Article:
From Tom’s reply I understand that the attacker needs to be in a privileged position on your system to fingerprint the allocator, one similar to fingerprinting the CPU and RAM behavior. An attacker with that much power can do much more damage than merely fingerprint. This doesn’t apply to run of he mill websites anyone visits.
Fingerprint non issues aside, switching up allocators is non-trivial and requires changes to the browser code base to take full advantages of its defenses. Slapping LDPRELOAD as a prefix is not enough. The allocator used in TBB has achieved defense parity with hardened_malloc so the effort needed is not justified.
I now want to focus on firejail/apparmor consequences and having a sustainable maintenance plan with upstream.
LD_PRELOAD=‘/path/to/libhardened_malloc.so’ /path/to/program will do
nothing or approximately nothing.
Reason enough to disable hardened malloc for Tor Browser when using tb_hardening=true. Will work on that.
harden_malloc definitely has more bells and whistles than mozjemalloc.
But the benefit gained by slapping in an LD_PRELOAD and calling it a
day is small to zero. Probably negative because you’ll not utilize
partitions by default.
I stand corrected. Based on new information in I conclude hardened_malloc is superior in security standpoint in every way over jemalloc (the latter is general purpose). I want to enable it by default for KVM builds, fingerprinting aside. There comes a point where security trumps fingerprinting worries.
What we need to figure out is the best way to integrate it into TBB. Daniel IIRC said that disabling jemalloc is the right way to go over using LD-PRELOAD ?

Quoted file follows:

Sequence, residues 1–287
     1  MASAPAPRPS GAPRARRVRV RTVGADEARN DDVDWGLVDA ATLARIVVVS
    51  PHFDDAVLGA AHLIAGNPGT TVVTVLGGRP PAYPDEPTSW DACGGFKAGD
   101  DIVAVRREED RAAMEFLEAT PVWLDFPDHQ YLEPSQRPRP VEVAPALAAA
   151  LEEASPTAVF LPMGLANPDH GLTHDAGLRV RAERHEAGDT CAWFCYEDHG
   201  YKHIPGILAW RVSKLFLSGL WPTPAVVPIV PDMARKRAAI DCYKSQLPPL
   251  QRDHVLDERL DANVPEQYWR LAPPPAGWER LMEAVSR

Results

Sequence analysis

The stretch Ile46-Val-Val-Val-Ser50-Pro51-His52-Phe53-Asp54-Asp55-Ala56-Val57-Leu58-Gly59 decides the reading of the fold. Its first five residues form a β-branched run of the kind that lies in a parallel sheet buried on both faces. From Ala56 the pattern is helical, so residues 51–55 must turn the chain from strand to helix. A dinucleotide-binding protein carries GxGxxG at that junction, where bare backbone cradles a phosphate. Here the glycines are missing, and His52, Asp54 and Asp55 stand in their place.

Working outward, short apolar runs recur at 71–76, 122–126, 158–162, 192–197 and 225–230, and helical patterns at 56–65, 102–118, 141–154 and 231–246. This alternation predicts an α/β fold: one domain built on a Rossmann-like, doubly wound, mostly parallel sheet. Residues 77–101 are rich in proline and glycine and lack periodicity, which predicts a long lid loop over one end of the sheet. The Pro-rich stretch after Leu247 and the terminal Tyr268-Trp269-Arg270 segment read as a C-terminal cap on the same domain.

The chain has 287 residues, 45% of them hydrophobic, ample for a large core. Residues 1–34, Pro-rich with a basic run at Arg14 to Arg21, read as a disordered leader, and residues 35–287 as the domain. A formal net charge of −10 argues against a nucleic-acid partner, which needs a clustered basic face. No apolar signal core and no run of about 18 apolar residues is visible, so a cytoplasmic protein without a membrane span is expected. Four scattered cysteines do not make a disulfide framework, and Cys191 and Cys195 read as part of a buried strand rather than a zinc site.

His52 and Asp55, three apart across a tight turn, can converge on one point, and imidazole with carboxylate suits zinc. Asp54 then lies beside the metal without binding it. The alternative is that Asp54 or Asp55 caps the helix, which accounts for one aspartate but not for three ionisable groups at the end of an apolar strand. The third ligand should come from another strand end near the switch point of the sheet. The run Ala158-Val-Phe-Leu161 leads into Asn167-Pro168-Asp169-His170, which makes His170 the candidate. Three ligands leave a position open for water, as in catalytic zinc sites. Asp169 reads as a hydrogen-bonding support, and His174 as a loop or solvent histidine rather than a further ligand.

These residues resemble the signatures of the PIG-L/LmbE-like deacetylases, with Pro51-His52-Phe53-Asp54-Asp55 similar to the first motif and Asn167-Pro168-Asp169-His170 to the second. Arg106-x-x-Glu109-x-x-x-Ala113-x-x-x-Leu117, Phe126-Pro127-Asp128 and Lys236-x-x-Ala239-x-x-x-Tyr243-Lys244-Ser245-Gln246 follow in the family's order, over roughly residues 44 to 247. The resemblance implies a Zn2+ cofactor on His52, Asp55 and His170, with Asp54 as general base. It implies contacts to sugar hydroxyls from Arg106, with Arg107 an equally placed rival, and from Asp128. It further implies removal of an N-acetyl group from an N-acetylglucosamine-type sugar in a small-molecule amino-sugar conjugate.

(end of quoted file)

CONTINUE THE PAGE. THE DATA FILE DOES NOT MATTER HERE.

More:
I am curious how functional Whonix would be if we switch to OpenBSD’s allocator for the rest or the system (seeing that it is widely tested against a large package selection by a OS already). Then we can enable hardened-malloc for security sensitive daemons whenever possible.
Performance-based fingerprinting of the browser can easily differentiate between using a different malloc implementation. That can already obtain a lot of fingerprinting information about the hardware and OS so this may not actually matter much, but it’s entirely possible.
Although, performance fingerprinting will probably not affect VMs as much as long as most Whonix users allocate the same amount of RAM and CPUs to the VM.
With the way that mailing list went, I don’t think they’d be too eager to implement it.
I wonder if this is even possible due to the recent kernel hardening. Many of the things done for kernel hardening have a performance decrease and may obfuscate the results of any performance fingerprinting.